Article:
“Graham has crafted a marvellous...script, drip-feeding us the plot and twisting the thumbscrews of tension with remarkable precision and rhythm. He demonstrates a good ear for a line and a gifted eye for an image.” Matt Trueman, The Stage

“Having tackled Thatcher, Heath and Eden successfully, James Graham is fast building a reputation as a sharp-eyed and witty political playwright.” Sam Marlowe, The Times

“Graham’s writing has warmth and sincerity.” Sam Marlowe, The Times

“The indefatigable James Graham already has one political play, Tory Boyz, on in London at the Soho Theatre.” Fiona Mountford, Evening Standard

“James Graham’s ‘Sons of York’ sometimes feels like performance art; an experiment to prove how closely acting can resemble real life.” Brian Logan, Time Out

“Sons of York is the best piece of new writing I've seen in a long time.” Sebastian Melmott, Remotegoat

“Barry Aird as the tongue-tied Jim and Steven Webb as his intransigent son suggest a buried familial bond.” Michael Billington, The Guardian

“Barry Aird, Kazia Pelka and Steven Webb all act with impeccable integrity and sensitivity.” Rhoda Koenig, The Independent

“Maxwell, Aird and a superb Steven Webb offer adroit contrast between three generations.” Matt Trueman, The Stage

“Jim, played wonderfully in possibly the hardest role by Barry Aird.” Sebastian Melmott, Remotegoat

“William Maxwell and Colette Kelly, as the oldsters, touchingly break out of the time-frame to remind us of their youthful aspirations as romantic vocalists.” Michael Billington, The Guardian

“Beautifully portrayed by Colette Kelly.” Philip Fisher, British Theatre Guide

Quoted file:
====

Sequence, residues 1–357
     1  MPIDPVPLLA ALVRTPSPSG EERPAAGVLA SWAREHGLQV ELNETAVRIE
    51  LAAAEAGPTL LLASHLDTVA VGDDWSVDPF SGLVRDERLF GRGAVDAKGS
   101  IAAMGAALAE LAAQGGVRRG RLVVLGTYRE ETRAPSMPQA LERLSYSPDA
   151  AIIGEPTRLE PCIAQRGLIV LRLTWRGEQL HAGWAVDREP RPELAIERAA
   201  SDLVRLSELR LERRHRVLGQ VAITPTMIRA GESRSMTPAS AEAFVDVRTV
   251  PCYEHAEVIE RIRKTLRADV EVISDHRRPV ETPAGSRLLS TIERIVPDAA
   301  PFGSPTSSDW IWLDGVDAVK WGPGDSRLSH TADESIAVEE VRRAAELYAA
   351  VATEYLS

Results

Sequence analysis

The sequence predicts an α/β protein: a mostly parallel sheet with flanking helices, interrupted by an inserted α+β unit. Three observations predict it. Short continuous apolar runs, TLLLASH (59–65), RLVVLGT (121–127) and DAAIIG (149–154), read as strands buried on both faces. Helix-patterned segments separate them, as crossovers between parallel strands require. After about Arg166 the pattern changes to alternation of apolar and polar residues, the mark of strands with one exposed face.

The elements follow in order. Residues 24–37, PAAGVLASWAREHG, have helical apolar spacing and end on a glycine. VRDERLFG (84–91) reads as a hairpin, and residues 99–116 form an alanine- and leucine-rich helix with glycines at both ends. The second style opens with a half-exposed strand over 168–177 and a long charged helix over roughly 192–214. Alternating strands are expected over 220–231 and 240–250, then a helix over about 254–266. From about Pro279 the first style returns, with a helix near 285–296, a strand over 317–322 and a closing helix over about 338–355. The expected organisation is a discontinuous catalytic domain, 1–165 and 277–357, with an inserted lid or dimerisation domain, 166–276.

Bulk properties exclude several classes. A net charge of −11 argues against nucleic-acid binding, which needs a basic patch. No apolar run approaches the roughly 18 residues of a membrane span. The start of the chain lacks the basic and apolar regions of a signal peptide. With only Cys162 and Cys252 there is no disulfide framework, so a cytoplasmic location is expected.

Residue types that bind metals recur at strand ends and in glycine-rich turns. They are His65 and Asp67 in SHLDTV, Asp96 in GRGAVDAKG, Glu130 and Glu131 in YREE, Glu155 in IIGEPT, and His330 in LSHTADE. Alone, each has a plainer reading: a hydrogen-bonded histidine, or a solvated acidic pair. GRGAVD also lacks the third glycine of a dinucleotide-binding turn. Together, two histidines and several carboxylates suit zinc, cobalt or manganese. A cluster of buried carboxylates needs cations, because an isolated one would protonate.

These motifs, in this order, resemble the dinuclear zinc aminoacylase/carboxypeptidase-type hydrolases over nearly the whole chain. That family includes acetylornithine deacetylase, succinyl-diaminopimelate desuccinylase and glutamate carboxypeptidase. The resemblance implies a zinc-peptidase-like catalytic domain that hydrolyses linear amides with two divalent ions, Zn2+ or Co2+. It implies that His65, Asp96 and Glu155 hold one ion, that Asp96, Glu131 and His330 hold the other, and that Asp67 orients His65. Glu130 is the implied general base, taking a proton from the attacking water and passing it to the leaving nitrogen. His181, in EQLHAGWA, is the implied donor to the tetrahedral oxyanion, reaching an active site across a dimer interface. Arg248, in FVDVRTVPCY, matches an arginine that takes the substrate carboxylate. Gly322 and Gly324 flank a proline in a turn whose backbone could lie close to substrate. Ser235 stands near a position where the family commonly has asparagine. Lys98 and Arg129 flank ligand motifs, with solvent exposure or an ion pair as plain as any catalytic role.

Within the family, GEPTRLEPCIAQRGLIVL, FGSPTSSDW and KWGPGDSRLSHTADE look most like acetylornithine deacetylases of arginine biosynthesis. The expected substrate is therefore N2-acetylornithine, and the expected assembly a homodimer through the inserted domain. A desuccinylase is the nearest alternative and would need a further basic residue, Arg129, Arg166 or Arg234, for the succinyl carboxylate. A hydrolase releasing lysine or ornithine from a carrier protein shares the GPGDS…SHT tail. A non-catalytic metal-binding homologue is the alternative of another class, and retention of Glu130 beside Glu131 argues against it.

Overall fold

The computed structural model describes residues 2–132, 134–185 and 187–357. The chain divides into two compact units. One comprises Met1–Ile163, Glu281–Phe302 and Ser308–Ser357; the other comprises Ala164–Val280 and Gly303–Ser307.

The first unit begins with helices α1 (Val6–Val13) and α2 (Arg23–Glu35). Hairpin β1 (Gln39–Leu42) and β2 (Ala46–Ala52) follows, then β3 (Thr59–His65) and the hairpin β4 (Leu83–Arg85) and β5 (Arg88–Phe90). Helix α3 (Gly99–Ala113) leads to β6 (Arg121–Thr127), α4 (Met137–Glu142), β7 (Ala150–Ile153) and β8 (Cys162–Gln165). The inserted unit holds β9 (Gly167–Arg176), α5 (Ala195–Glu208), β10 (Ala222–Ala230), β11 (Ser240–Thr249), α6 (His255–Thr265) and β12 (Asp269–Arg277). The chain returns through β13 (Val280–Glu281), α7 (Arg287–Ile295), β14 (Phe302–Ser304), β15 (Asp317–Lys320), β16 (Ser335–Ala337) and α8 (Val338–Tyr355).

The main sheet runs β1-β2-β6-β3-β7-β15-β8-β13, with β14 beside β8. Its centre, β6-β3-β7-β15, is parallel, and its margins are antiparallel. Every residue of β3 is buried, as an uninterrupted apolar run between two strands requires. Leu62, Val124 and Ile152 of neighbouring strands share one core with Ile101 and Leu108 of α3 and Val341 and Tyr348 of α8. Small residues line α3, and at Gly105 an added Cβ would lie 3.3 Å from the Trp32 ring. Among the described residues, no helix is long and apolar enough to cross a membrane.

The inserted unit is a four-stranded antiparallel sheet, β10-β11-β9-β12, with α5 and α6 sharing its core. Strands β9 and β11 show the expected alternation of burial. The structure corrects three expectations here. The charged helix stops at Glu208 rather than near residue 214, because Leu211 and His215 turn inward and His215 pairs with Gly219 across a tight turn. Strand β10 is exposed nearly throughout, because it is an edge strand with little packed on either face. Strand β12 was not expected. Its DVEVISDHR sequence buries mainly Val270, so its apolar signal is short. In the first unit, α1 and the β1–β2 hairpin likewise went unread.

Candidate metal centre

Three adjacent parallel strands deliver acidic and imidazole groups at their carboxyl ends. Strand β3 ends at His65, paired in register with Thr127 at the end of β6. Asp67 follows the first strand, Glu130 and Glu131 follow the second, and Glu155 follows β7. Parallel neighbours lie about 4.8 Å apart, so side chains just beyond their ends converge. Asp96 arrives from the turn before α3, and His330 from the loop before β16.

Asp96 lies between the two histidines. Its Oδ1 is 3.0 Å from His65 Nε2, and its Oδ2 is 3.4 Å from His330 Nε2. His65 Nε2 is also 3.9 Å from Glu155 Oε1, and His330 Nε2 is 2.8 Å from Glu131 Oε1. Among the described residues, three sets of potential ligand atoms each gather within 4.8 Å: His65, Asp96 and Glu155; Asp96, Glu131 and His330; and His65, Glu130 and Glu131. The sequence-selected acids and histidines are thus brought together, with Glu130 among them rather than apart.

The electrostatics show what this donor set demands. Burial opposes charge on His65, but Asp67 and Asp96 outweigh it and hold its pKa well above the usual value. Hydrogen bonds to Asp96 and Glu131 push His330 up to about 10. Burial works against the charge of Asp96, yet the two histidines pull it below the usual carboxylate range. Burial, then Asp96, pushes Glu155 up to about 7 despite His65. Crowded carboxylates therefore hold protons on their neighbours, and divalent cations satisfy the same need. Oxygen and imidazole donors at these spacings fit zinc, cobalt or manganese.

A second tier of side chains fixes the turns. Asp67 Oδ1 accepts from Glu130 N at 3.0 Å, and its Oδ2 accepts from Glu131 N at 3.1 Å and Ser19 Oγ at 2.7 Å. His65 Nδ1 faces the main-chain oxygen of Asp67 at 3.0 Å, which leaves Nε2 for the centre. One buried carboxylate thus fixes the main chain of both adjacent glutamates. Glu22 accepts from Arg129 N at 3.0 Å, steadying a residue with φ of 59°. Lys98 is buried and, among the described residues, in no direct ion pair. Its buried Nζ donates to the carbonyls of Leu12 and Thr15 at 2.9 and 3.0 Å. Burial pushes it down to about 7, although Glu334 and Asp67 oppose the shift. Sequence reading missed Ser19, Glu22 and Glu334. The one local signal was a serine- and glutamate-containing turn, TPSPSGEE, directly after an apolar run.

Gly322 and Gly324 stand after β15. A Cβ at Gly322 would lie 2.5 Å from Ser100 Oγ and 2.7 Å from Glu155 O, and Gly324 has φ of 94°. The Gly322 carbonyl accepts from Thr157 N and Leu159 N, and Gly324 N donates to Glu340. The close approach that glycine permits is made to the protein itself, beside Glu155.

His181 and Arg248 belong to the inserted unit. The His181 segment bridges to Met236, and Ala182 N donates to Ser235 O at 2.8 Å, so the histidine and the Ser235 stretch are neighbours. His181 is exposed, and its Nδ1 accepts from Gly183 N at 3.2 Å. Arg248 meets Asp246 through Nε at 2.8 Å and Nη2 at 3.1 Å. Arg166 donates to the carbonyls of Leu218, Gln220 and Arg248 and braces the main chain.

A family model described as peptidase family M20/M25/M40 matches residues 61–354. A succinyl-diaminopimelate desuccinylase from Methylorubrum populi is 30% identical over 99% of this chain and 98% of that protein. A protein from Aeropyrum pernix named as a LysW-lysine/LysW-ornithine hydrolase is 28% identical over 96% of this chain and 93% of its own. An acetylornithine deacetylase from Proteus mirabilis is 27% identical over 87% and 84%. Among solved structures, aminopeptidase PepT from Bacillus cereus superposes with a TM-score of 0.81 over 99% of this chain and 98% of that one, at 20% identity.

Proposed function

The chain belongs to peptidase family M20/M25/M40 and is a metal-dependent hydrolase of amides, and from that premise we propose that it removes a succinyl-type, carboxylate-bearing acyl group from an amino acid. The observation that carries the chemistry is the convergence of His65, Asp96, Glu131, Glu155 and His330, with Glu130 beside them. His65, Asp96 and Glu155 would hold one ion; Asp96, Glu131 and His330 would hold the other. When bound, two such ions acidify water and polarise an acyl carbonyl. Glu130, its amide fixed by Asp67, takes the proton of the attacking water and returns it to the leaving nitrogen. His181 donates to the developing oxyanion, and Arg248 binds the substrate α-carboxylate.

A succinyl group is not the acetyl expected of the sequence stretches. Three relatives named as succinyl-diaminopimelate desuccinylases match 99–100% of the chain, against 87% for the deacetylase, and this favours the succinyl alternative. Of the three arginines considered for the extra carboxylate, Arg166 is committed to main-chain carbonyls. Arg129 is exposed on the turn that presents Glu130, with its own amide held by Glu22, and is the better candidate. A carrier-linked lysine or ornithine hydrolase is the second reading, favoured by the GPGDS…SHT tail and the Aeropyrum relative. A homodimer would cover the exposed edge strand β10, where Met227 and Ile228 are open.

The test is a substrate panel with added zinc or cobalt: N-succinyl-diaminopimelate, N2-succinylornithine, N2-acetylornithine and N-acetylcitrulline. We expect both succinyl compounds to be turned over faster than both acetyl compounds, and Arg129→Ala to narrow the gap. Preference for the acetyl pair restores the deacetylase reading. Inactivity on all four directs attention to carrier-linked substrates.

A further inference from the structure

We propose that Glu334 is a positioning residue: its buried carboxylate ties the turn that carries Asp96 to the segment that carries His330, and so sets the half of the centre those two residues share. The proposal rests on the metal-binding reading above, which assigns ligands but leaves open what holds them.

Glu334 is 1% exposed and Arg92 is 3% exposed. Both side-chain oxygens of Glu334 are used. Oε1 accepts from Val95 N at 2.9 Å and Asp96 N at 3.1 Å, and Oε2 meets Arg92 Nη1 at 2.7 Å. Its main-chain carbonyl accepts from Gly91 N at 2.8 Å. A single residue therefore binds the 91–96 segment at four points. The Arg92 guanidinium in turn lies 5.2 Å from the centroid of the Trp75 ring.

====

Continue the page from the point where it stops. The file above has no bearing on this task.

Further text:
“Colette Kelly sitting limply on the sofa with mournful unfocussed eyes gives an accurate and moving portrayal of a woman with dementia.” Aline Waites, Whats on stage

“Colette Kelly, as grandma, performs her songs with a sweetness and modesty that contrast painfully with her present plight.” Rhoda Koenig, The Independent

“A perfectly measured and moving performance from Colette Kelly.” Sebastian Melmott, Remotegoat

“William Maxwell gets every ounce of comedy and drama from his portrayal of the patriarchal Dad.” Aline Waites, Whats on stage

“Best of all is William Maxwell, not only as the strong yet helpless grandfather, but as Kelly's partner in a charmingly foolish old song about the power of love.” Rhoda Koenig, The Independent

“William Maxwell’s Dad is dangerously balanced between endearing, hearty bluster and unpredictably vengeful anger.” Stephe Harrop, London on theatre blog

“William Maxwell tempers Dad’s intransigence with a touching sense of a fear of the future that he cannot permit himself to show.” Sam Marlowe, The Times